2002 Honda CR-V Review
Pros & Cons
- Highly versatile and roomy interior, stable handling, comfortable ride, high crash-test scores.
- No V6 available, limited offroad ability.
Edmunds' Expert Review
The longtime benchmark of the "soft roader" mini-SUV class, the CR-V is even better for 2002. Drive it. You'll like it.
Consumers made the first-generation CR-V ('97-'01) one of the most popular and best-selling compact SUVs in the United States. Not wanting to lose those happy customers to newer competition in the mini-SUV market, Honda has improved the all-new CR-V in nearly every fashion. This includes more power, increased interior volume, the latest safety technology, elevated levels of comfort, and more utility and functionality without adding significant exterior size or compromise to the overall package.
The main fault of the previous CR-V was its mediocre power output. To that end, the CR-V has a new 16-valve 2.4-liter four-cylinder engine under the hood. It produces 160 hp and 162 pound-feet of torque. The transmissions have also been updated. The four-speed automatic is an all-new design. In addition to improved smoothness and fuel efficiency, it features Grade Logic Control. Honda says this feature allows the transmission to downshift automatically and hold a lower gear when the CR-V is climbing a steep grade. For the five-speed manual, additional synchronizers and shorter throws make shifting easier and sportier.
On-road comfort should continue to be a CR-V strength. The new CR-V is based on Honda's Global Compact Platform, the same one used for the Civic and RSX. It offers 50 percent more torsional rigidity and 30 percent improved bending rigidity compared to the '01 model, says Honda. This translates to better crash safety and ride quality. The new platform also produces less noise, vibration and harshness.
The improved platform also allows for a larger interior without major increases in overall vehicle length. This translates to plenty of room for both people and cargo. The CR-V offers headroom, legroom and shoulder room for the driver and front passenger that is about equal to or better than the closest competitors'. The rear seat is separated near the middle, and each of the two sections will independently slide forward and backward for a total range of 6.7 inches, granting excellent legroom. Like the previous CR-V, the seatbacks can also recline independently.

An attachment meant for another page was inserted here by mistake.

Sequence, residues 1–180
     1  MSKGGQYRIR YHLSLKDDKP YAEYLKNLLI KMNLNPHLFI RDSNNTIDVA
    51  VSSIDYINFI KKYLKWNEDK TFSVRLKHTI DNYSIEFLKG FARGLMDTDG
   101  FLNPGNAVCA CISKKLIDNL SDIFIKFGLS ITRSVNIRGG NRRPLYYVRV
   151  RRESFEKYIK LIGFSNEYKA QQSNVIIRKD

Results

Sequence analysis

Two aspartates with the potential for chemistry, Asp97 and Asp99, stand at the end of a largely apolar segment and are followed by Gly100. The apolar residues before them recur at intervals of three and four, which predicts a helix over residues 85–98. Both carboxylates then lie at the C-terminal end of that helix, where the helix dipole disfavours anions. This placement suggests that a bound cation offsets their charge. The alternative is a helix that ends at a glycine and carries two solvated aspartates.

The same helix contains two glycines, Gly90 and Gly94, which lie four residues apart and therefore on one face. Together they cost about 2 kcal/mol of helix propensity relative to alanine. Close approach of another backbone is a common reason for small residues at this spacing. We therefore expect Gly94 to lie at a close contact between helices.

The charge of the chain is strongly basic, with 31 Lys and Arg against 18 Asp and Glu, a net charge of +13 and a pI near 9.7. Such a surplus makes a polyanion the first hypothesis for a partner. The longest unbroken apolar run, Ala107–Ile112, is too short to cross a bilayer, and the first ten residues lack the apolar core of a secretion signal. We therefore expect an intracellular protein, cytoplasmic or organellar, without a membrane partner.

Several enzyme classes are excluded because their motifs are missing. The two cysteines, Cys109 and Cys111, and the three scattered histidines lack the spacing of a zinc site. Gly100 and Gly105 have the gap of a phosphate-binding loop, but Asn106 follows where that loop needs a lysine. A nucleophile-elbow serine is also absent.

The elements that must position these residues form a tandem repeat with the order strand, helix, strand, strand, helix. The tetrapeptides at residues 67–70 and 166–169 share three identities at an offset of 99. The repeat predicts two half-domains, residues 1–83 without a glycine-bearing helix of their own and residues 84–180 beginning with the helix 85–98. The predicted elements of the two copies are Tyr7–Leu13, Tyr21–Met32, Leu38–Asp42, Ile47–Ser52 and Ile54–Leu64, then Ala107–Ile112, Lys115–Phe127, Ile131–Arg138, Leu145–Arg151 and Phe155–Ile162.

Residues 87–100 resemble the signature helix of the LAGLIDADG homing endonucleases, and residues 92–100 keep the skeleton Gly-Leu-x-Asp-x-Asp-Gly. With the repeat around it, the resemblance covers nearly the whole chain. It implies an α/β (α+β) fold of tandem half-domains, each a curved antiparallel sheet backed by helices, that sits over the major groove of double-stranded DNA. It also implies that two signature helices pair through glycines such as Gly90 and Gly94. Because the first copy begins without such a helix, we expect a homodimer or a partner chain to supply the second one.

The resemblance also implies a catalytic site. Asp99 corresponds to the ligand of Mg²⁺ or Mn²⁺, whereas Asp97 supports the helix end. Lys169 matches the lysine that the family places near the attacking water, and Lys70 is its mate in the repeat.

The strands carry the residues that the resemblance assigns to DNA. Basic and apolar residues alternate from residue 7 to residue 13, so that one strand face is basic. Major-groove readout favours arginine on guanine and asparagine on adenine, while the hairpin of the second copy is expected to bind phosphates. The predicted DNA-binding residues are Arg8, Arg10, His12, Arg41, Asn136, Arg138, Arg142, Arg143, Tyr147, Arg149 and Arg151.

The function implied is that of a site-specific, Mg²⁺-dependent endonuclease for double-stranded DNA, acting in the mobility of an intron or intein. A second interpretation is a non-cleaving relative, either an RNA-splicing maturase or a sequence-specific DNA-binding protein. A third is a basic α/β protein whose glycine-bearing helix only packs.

For 2002, the automatic transmission will be available on all three trim levels: two-wheel-drive LX, four-wheel-drive LX and four-wheel-drive EX. The manual transmission is offered only on four-wheel-drive vehicles. Both LX and EX come with a high level of standard equipment, such as air conditioning, power windows and locks, a one-touch up/down driver window, a CD player, rear-seat heater ducts and two 12-volt accessory outlets. In addition to this, the more upscale EX receives an upgraded audio system with a CD changer, keyless remote, a power moonroof and antilock brakes.
Other safety features for the CR-V include dual pre-tensioners for the front seatbelts, headrests and three-point seatbelts for all five seating positions, dual-stage front airbags, optional side airbags (standard on EX) and whiplash-reducing front seats. In federal government crash testing, the CR-V has excelled, earning five stars (the best score possible) for both frontal and side impact tests. IIHS bumper-bash tests, however, have shown that the CR-V is susceptible to high repair costs for even minor collisions.
Like the previous model, the 2002 CR-V is not meant to compete against hard-core recreational vehicles like the Jeep Liberty or Toyota 4Runner. Instead, it is meant for the person who wants the look and feel of a sport-utility without having to pay an exorbitant sticker price and huge gas bills. The CR-V will get people to work and back in all but the worst weather and to their favorite picnic area, assuming it's not on the Rubicon Trail.